So I guess what I'm saying is that you can make any system work for doing what you ask.

    If I was going to go all multi-game I'd definitely want to use something from each major genre (fantasy, superhero, sci-fi, space opera, post-apocalyptic, horror/gothic, etc), as well as something from each major category of game mechanics (dice pools, class system, skills based, lifepath, chart reference, cards, etc).

    I would be highly TEMPTED to string it all together under some sort of single storyline/narrative umbrella...connected with a TARDIS, time travel, world hopping via Spelljammer, reality shifting with a crazy wizard, etc.
  • That sounds exciting!
  • For the B category, I think Hillfolk / DramaSystem is probably up there, it taught us alot. Another thing I love is the D&D module B4 The Lost City.

    Some games that have both A and B qualities includes games that are powered by the Apocalypse (Apocalypse World) and the D&D Starter Set.

    One of my goto games for the A category has been Fiasco. And it's great still, always like playing it.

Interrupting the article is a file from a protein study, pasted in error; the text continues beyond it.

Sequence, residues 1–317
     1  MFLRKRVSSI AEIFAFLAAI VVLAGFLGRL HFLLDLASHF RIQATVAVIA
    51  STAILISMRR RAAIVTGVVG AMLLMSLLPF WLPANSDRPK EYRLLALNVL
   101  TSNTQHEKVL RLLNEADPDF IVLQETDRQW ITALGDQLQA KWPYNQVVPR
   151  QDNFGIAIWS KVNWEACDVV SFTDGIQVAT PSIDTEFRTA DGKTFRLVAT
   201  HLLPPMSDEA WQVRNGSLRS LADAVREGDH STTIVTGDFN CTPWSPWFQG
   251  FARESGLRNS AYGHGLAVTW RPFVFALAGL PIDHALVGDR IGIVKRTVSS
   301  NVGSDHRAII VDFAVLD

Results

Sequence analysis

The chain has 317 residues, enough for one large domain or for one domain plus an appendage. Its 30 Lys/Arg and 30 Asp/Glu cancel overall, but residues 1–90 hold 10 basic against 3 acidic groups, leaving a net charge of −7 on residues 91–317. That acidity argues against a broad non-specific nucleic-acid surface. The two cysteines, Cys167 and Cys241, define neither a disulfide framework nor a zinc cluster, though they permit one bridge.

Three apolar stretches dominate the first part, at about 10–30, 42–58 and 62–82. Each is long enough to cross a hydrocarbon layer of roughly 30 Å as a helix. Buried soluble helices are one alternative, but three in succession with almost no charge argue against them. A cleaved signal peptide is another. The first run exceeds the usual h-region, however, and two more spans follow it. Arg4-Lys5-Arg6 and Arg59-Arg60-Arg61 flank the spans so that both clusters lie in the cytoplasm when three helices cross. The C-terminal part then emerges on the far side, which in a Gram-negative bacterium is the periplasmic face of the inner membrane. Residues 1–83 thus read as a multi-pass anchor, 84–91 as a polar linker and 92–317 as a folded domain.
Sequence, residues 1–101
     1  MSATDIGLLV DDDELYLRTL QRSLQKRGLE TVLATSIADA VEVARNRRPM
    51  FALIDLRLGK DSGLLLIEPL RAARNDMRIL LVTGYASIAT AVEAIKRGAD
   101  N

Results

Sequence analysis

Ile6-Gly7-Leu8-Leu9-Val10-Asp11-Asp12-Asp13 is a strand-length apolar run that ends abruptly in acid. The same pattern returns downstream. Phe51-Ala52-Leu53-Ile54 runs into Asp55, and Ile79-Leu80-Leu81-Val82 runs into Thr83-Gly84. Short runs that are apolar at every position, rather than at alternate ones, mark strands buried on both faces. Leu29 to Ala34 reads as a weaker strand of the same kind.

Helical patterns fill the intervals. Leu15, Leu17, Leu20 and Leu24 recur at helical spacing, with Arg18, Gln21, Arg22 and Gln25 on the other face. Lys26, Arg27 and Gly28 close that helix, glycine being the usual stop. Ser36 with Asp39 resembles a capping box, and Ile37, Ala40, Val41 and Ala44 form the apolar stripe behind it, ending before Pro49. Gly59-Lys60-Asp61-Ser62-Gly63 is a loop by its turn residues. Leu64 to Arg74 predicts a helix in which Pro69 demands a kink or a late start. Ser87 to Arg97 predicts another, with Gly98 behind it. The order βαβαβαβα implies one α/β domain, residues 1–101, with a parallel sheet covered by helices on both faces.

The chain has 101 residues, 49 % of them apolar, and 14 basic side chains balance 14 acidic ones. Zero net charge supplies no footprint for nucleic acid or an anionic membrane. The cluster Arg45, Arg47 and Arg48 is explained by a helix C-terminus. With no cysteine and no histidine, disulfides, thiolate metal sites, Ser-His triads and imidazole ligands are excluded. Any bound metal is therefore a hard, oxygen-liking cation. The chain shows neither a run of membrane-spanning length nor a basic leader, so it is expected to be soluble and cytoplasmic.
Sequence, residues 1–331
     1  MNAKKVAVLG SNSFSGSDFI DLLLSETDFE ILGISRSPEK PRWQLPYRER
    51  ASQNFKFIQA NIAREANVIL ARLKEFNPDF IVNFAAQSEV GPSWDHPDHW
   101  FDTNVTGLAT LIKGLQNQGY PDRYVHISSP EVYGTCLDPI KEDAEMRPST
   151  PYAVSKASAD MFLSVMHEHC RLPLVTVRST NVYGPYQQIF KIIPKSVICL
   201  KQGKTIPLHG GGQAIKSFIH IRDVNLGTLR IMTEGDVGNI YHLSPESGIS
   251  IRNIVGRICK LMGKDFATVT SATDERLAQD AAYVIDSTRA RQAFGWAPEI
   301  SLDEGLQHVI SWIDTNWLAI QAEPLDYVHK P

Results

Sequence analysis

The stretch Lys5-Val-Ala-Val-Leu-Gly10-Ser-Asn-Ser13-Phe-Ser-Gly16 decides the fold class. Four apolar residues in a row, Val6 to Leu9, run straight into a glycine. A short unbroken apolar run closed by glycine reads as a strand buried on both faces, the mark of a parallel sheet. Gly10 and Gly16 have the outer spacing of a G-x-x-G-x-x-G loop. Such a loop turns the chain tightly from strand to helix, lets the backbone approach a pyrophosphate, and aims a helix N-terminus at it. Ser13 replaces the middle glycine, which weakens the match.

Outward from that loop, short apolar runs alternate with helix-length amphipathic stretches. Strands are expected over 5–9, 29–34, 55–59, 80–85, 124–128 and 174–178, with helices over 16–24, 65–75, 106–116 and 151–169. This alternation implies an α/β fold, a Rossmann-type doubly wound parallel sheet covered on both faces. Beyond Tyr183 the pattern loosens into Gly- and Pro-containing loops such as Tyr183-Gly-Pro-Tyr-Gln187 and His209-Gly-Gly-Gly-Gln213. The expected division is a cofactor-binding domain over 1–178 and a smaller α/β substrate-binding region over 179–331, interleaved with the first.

So, curriculum:
    Fiasco
    D&D Starter Set w B4 The Lost City added in somewhere outside Phandalin.
    Hillfolk
    More Fiasco, more D&D
    Repeat until perfect

    About OSH… I think it's a fun and simpler game system but the reason I'm recommending Lost Mine of Phandelver and The Lost City is just that -- the modules. Open ended, chaotic, non-linear
    It's something to behold!
  • Oh, and a book? Unframed. Read Vincent Baker's chapter and Robin Laws' chapter because those are new and great. The others are very similar to each other so read one of them :p as an introduction to classic impro stuff. Or just go read Impro.
  • I developed a campaign where the players play themselves...their actual selves, whisked from our current world and deposited into the SR universe.
    Yeah, I've done "start by playing your actual self in your actual home; now everything changes!" a few times. It does seem intro-friendly. Good call!
    I wrote a novella introduction, in the middle of which are a series of chapters where the players are being trained to cope with their new reality in a series of VR simulations which are the actual sessions at the table. Each session is tightly focused on a different aspect of the rules (melee & hand to hand combat, firearms, deal-making, investigation, magic, matrix, etc).
    Holy shit. This is brilliant. Now I want someone to do this for me every time I start a campaign with a new system.
  • edited June 2016
    I prefer any kind of gamer that is open. Open to try new playstyles, new ideas, and - most importantly - open to listen to the other participants.

    Also, someone who can be engaged or engage others.

    ---